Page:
By Michael H. Broder, PhD
Reviewed by Ware Kuschner, MD, Chief, Pulmonary Section, US Department of Veterans Affairs Palo Alto Health Care System
Rheumatoid arthritis (RA) is primarily an articular disease; however, extra-articular disease may also be present. Pulmonary disease, in fact, occurs commonly in people with seropositive RA, among whom it is a leading cause of morbidity and mortality. Recent studies have addressed the connection between antibodies to citrullinated protein/peptide antigens and lung disease among people with RA. Other studies have provided evidence for a potential role of the lung as well as the generation of RA-associated autoantibodies in a pathogenic phase known as preclinical RA.1
In short, the lung is an important issue in RA. “Evidence shows that RA may in part start due to inflammation in the airways of the lung,” said Jeffrey A. Sparks, MD, MMSc, assistant professor of medicine in the Division of Rheumatology, Immunology and Allergy in the Department of Medicine at Brigham and Women’s Hospital and Harvard Medical School. “Patients with RA are at increased risk for pneumonia and other lung complications, including respiratory-related mortality, compared to the general population.” Dr. Sparks is the lead author of a recent study among a high-risk cohort of first-degree relatives of people with RA who did not have RA themselves. Among the participants, the study found that smoking and age were associated with inflammatory joint signs at typical RA sites.2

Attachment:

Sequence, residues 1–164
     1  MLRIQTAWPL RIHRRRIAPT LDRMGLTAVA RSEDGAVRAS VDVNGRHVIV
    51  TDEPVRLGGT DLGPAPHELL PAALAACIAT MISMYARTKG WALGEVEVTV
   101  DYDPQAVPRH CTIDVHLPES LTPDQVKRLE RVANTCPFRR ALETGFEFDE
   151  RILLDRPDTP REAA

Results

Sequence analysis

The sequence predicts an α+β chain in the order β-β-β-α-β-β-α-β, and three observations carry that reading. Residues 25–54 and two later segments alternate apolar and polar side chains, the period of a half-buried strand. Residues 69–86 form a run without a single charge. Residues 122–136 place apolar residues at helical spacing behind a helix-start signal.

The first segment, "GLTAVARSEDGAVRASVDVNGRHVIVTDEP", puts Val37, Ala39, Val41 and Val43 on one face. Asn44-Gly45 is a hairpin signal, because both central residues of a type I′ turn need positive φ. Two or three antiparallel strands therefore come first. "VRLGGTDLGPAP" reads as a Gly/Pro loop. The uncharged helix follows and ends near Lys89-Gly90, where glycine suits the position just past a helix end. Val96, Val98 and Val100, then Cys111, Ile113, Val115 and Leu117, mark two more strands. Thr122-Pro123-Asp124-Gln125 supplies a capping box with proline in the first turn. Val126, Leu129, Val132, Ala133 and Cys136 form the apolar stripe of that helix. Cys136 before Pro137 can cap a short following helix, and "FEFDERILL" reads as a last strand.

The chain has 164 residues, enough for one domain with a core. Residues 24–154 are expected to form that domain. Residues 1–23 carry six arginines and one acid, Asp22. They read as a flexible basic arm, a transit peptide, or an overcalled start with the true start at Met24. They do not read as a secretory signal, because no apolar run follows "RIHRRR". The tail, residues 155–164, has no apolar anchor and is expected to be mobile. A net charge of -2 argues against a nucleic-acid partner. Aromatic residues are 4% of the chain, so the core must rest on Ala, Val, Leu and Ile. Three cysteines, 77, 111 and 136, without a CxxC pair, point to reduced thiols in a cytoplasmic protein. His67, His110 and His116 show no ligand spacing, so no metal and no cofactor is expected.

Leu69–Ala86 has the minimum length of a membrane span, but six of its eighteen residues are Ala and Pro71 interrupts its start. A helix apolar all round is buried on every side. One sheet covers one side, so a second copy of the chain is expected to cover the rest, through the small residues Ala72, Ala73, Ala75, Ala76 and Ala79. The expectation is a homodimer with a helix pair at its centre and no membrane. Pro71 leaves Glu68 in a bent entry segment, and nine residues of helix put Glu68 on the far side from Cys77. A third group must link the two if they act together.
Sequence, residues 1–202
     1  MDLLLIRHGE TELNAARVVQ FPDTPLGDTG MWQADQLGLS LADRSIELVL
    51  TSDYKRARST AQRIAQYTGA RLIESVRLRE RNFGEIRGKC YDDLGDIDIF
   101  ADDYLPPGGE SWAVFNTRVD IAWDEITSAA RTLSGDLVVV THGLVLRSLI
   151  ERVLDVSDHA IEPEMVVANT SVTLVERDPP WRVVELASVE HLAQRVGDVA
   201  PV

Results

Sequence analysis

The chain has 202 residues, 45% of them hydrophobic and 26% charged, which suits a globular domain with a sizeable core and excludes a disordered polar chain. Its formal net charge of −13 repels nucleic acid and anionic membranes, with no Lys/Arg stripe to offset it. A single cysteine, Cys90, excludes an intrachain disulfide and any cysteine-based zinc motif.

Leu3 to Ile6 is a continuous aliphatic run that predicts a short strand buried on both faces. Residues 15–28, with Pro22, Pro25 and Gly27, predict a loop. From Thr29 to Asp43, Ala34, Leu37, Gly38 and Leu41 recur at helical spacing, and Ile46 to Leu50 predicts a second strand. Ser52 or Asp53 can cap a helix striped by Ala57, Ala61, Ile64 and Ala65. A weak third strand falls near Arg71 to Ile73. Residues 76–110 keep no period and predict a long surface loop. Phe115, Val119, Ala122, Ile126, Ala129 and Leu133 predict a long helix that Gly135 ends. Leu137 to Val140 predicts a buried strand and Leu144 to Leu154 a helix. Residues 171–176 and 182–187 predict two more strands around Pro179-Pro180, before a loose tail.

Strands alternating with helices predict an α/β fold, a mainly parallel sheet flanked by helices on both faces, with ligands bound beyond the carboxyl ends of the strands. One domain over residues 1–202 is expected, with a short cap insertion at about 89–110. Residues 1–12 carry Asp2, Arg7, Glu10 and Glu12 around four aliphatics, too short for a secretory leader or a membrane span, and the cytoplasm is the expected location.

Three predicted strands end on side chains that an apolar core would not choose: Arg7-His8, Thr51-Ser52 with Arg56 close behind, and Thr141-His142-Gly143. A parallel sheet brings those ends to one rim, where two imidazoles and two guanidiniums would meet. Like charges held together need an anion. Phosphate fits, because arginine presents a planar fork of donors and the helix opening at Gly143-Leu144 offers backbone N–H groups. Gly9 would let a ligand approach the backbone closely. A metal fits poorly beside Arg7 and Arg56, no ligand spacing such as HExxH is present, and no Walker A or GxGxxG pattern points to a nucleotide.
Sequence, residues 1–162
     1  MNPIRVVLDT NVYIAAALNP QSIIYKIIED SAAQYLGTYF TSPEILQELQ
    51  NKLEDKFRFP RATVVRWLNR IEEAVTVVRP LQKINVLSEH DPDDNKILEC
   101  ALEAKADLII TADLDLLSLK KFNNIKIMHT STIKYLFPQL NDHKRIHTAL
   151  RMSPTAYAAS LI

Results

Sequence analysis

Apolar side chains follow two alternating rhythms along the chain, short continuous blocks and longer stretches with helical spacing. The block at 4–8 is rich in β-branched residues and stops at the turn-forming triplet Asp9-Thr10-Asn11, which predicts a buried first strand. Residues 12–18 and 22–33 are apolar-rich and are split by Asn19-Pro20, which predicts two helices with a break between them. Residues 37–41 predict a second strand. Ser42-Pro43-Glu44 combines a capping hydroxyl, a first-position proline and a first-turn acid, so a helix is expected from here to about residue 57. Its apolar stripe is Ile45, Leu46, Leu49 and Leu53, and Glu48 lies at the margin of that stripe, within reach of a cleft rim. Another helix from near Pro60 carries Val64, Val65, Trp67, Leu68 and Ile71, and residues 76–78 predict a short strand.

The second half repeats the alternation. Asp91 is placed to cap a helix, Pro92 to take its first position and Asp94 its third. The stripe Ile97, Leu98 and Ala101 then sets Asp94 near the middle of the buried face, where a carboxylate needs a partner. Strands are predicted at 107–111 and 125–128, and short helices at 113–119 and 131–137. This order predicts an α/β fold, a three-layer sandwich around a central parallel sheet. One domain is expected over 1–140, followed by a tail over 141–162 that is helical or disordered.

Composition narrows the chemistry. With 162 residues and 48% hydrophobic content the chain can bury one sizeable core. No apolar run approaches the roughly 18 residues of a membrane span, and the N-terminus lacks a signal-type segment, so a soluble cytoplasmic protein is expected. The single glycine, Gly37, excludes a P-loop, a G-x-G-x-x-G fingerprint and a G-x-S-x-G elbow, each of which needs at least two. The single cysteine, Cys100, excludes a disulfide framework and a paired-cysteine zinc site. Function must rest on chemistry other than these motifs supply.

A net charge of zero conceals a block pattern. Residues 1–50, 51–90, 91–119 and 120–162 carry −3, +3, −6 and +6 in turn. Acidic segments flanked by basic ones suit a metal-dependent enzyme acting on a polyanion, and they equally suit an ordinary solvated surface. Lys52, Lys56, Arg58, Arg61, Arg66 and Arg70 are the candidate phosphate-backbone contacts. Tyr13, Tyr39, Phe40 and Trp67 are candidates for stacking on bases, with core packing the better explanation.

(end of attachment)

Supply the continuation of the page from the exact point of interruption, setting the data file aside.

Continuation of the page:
A number of studies have shown a marked association between the lung and RA. These studies have provided evidence for a high prevalence of lung disease, both airways and parenchymal disease, in people who meet clinical criteria for RA. Some studies have suggested that lung disease in RA is due to circulating autoimmunity that targets the lung. Other factors have been suggested as well, such as medications. Other data, however, suggest that inflammatory airways disease, as well as autoimmunity in the lung, may be present prior to the manifestation of joint symptoms. This suggests a role for autoimmune response in the lung in the genesis of RA-related autoimmunity.3
There are barriers to dealing with the lung as a factor in RA. “The major barrier is recognition from both a patient and clinician perspective,” said Dr. Sparks. “Patients with RA should let their clinician know if they develop symptoms such as shortness of breath, cough, or chest pain. Clinicians should consider screening patients with RA for lung diseases,” Dr. Sparks added.
A recent study by Demoruelle and colleagues provides a detailed overview of the relevant issues, and offers a research agenda aimed at comprehending the course of lung involvement in RA and its connection with the overall pathogenesis of RA. Key findings of the studies include a high prevalence of lung disease in clinically classified RA. In fact, the prevalence of lung disease is about 60%-80% among patients with clinically defined RA.3
While it is only minimally symptomatic in most patients, lung disease may have severe manifestations for some. Even though airway disease and parenchymal lung disease may both be present, they may have differential impact on the pathogenesis of RA. Moreover, lung disease, especially airway disease, may manifest prior to the onset of articular RA. Indeed, a substantial prevalence of airway disease when RA is in its preclinical period argues strongly that RA-related inflammation and autoimmunity may begin at the airway mucosa or manifest in such tissue quite early in the process of the disease.3